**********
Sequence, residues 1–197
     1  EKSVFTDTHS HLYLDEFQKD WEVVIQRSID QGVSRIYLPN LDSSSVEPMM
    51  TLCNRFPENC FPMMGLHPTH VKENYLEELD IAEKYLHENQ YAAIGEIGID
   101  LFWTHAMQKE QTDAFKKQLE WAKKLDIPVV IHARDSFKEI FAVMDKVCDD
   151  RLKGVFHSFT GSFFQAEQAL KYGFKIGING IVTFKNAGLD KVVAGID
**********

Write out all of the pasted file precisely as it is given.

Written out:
Sequence, residues 1–197
     1  EKSVFTDTHS HLYLDEFQKD WEVVIQRSID QGVSRIYLPN LDSSSVEPMM
    51  TLCNRFPENC FPMMGLHPTH VKENYLEELD IAEKYLHENQ YAAIGEIGID
   101  LFWTHAMQKE QTDAFKKQLE WAKKLDIPVV IHARDSFKEI FAVMDKVCDD
   151  RLKGVFHSFT GSFFQAEQAL KYGFKIGING IVTFKNAGLD KVVAGID